The Reward System: Accentuating the Positive
The expert: Katarzyna Bisaga, M.D., Ph.D., a child and adolescent psychiatrist and assistant clinical professor in Columbia University's Division of Child Psychiatry in New York City; married to Adam, a psychiatrist specializing in addiction problems; mother of three
Her professional philosophy: Discipline should be tailored to each child's personality and the specific misbehavior. "You can't have one technique for every problem that arises," she says. That said, Dr. Bisaga adds that "one very effective method I use with the families I work with, and with my own kids, is behavioral modification through positive reinforcement" -- in other words, rewards applied immediately after the desired behavior occurs.
Her own discipline dilemmas: "When my son, Marcin, was 7, we were having trouble getting him ready for school in the morning. We would say, 'Here are the clothes you have to put on. You have five minutes to get ready.' Sometimes he would just play and do his own stuff. I'd end up saying, 'I'm going to count to 10 and you need to get dressed.' We were having power struggles, and you don't want to get into a power struggle every day. It can destroy your relationship with your child," Dr. Bisaga says.
"My middle child, Emily, is different," she continues. "She's very independent. When she was 3, the discipline issues were more related to occasional tantrums." For instance, Emily would get angry and throw food on the floor or she would get too physical with her baby sister, Julia. Sometimes Emily would grab toys from Julia or push her if she was getting into her things. "When Julia arrived it was a big transition for everyone, and Emily was only 2 years old," says Dr. Bisaga. "Kids that age are pretty needy and demanding, and Emily became even more so after the baby came. The aggression became a problem when Julia started getting more mobile and interested in the toys Emily played with."
At-home solutions: Dr. Bisaga took cues from her kids. For Marcin, rather than dwelling on the negative aspects of his foot-dragging, she stressed the positives, made her expectations clear, and offered rewards for good behavior. "We wanted to remove the power struggle from the situation, and stressing positive behavior helps build self-esteem," she says. "The thinking is that once a child develops one positive behavior and gets a lot of praise, then he'll be more likely to cooperate in other situations too." At first Dr. Bisaga tried to reward Marcin with TV or computer time in the morning if he was dressed and done with breakfast quickly. "But we found that wasn't a good idea because it created another power struggle when it was time to turn the TV or computer off," she says.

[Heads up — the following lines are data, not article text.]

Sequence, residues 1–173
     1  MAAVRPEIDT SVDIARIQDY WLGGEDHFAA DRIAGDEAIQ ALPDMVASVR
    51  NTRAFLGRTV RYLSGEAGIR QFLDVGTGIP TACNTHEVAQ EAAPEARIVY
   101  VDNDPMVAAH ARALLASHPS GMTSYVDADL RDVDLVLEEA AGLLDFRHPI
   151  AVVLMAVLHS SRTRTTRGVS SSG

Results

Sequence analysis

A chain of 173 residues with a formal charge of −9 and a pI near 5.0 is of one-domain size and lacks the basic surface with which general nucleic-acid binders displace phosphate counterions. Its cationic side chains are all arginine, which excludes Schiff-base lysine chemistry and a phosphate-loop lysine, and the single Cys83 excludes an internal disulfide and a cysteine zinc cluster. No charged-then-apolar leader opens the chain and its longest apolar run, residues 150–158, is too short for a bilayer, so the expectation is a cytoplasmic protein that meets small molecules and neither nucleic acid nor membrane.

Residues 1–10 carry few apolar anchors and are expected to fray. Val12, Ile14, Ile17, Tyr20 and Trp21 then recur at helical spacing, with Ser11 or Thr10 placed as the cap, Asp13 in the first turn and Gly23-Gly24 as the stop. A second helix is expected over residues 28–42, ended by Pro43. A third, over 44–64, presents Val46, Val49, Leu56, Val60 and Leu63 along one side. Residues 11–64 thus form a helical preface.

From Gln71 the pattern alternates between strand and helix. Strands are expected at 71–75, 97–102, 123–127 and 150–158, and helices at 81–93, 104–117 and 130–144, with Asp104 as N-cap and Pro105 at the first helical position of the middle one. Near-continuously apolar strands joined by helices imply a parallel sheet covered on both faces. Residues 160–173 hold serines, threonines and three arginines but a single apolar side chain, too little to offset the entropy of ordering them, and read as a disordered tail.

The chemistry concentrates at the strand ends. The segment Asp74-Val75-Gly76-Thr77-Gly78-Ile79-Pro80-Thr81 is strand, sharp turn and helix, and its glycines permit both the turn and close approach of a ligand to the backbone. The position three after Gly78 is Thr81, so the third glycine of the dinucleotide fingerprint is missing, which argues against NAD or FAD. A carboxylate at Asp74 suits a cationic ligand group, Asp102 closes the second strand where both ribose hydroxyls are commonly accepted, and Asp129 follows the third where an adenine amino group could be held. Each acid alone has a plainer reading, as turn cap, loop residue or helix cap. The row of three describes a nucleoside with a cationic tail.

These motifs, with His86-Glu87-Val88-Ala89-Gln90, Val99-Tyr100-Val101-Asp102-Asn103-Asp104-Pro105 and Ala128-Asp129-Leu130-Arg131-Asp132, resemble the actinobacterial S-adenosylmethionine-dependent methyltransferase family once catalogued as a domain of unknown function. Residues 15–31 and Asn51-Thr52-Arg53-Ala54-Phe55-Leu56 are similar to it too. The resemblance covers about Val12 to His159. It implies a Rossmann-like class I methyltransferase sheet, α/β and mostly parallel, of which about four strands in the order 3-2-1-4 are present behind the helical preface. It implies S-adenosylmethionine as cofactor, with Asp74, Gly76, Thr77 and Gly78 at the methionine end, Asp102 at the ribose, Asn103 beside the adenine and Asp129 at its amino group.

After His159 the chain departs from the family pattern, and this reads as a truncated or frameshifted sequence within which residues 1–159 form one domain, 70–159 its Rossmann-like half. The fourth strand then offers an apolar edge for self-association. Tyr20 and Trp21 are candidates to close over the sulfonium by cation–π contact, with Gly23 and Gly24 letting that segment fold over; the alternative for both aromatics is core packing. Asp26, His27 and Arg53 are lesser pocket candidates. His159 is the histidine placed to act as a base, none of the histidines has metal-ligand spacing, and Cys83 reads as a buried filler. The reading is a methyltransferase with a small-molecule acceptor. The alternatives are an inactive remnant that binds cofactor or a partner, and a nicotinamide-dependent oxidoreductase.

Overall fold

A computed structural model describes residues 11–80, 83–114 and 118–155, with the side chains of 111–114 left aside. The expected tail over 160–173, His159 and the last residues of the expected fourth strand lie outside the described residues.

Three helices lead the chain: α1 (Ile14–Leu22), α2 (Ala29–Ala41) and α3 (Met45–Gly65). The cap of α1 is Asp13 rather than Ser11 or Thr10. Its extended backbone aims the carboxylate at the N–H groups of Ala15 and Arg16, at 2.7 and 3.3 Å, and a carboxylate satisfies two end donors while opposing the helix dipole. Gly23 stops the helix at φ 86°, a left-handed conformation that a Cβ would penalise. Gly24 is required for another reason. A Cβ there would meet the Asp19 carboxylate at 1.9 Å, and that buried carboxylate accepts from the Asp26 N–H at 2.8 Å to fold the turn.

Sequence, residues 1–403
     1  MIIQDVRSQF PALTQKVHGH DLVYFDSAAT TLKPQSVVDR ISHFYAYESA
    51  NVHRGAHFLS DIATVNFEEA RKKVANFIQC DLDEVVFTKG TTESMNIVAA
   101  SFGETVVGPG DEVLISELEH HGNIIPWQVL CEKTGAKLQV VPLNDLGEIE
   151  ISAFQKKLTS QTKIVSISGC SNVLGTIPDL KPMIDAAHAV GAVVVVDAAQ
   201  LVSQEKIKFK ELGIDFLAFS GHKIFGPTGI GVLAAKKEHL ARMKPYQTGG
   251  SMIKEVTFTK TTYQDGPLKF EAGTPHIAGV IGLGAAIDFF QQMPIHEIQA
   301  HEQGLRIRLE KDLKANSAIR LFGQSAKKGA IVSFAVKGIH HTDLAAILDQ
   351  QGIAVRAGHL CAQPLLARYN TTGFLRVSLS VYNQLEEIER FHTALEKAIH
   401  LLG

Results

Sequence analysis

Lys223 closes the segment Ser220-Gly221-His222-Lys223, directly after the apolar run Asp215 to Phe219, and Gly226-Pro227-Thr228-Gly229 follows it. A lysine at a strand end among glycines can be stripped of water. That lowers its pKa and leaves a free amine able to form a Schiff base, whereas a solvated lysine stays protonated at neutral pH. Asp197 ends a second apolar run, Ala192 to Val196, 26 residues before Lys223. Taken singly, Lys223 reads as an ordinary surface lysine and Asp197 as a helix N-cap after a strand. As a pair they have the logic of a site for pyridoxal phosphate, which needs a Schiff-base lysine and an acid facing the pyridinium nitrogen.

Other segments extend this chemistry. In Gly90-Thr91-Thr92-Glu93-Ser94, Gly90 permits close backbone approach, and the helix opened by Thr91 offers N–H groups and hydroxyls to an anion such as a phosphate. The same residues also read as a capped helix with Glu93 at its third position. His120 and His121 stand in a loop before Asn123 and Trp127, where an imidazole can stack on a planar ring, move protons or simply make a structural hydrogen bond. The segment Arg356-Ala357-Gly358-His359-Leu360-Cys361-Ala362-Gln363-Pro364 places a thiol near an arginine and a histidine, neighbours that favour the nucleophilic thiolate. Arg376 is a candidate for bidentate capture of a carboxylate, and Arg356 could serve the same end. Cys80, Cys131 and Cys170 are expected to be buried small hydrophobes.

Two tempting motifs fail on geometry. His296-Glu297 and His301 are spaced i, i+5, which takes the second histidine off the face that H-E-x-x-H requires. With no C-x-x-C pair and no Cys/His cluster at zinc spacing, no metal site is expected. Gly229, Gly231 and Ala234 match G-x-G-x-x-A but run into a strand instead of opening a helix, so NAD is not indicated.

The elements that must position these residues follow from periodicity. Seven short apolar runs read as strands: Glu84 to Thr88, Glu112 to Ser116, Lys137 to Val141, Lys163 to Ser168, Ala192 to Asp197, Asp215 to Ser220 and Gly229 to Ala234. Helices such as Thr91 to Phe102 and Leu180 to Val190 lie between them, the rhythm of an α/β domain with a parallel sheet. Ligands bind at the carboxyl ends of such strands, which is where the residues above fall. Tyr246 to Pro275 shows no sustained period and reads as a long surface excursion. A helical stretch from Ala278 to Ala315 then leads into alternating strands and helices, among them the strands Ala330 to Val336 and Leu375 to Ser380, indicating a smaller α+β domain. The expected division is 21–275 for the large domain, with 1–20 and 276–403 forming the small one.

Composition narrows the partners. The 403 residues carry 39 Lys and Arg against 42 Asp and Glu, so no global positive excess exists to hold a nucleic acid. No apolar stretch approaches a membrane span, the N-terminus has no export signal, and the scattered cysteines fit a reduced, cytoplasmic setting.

A better solution was an incentive chart: "We had used a star chart when Marcin was about 2 and working on potty training. He wasn't interested in taking the time to sit down, so whenever he did I would give him a sticker. His potty training just took off from there." This time, Dr. Bisaga decided to use a point system to motivate him. "In the morning Marcin got points for getting dressed by a certain time, brushing his teeth, and eating his breakfast," she says. "When he came home from school, there were points for putting his coat and shoes away and for washing his hands. At night there were points for taking a bath and brushing his teeth." At the end of the week, the results were tallied and he earned 10 cents for every three points. Marcin would look forward to buying Yu-Gi-Oh! cards and Bionicles with his loot.
Because Emily's personality and issues -- impulsivity and aggression -- were so different from Marcin's, Dr. Bisaga needed another approach. She had to find a way to calm her daughter and help her think before reacting. What worked for Emily: time-outs. "There were specific situations in which we used the technique," Dr. Bisaga explains. "If it was a safety issue -- I told her to stop pushing the baby or not to run across the street -- and she didn't listen, she knew there would be a time-out. Or if she was getting frustrated and being aggressive, then we would give her a warning and tell her that she needed to stop what she was doing. It helped that Emily knew there was a procedure in place."
They also had to tell her what to do -- not just what not to do, says Dr. Bisaga: "You can't just say, 'I want you to behave.' That's too vague. You can say, 'I want you to take turns and share your toys with your sister until dinnertime.'" Here, too, you need to give positive reinforcement. "If you have a child with a tendency to act out, she'll never succeed if you tell her to keep her hands to herself for an hour," says Dr. Bisaga. "But you can start by giving her a reward for playing nicely for 15 minutes. Then, once she's successful, you can stretch it to 20 or 30 minutes, and so on."
Her parting advice: The key to making any discipline philosophy work, says Dr. Bisaga, is consistency. The reward system works well as long as you keep at it. And once a specific behavior is no longer a problem, you can target another, always making sure your goals are realistic and age-appropriate. A good thing about a reward chart is that it clearly states what is expected of your child. "But even simple star charts require a lot of energy, effort, and time," says Dr. Bisaga. "You need to be on top of your kids and monitor what they're doing and how they're doing it."
Bottom line: "As a parent, it pays to see the glass as half full," she says. "You should build a positive relationship with your children and underscore their good behavior. Otherwise, you let your experience of your kids be shaped by their negative actions."